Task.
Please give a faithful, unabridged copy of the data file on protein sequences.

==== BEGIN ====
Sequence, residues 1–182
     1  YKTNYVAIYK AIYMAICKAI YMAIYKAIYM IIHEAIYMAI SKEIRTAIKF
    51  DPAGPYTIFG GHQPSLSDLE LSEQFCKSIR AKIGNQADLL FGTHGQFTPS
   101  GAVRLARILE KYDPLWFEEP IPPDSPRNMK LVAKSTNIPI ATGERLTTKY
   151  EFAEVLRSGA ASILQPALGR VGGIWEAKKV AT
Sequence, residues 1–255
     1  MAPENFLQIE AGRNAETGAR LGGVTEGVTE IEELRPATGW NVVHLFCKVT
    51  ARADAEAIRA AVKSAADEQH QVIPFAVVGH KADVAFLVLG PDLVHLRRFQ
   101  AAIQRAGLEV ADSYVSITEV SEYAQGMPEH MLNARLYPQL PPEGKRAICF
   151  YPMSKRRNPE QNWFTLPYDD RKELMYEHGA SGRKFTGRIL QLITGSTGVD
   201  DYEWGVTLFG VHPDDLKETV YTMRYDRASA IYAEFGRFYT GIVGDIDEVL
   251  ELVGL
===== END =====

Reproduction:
Sequence, residues 1–182
     1  YKTNYVAIYK AIYMAICKAI YMAIYKAIYM IIHEAIYMAI SKEIRTAIKF
    51  DPAGPYTIFG GHQPSLSDLE LSEQFCKSIR AKIGNQADLL FGTHGQFTPS
   101  GAVRLARILE KYDPLWFEEP IPPDSPRNMK LVAKSTNIPI ATGERLTTKY
   151  EFAEVLRSGA ASILQPALGR VGGIWEAKKV AT
Sequence, residues 1–255
     1  MAPENFLQIE AGRNAETGAR LGGVTEGVTE IEELRPATGW NVVHLFCKVT
    51  ARADAEAIRA AVKSAADEQH QVIPFAVVGH KADVAFLVLG PDLVHLRRFQ
   101  AAIQRAGLEV ADSYVSITEV SEYAQGMPEH MLNARLYPQL PPEGKRAICF
   151  YPMSKRRNPE QNWFTLPYDD RKELMYEHGA SGRKFTGRIL QLITGSTGVD
   201  DYEWGVTLFG VHPDDLKETV YTMRYDRASA IYAEFGRFYT GIVGDIDEVL
   251  ELVGL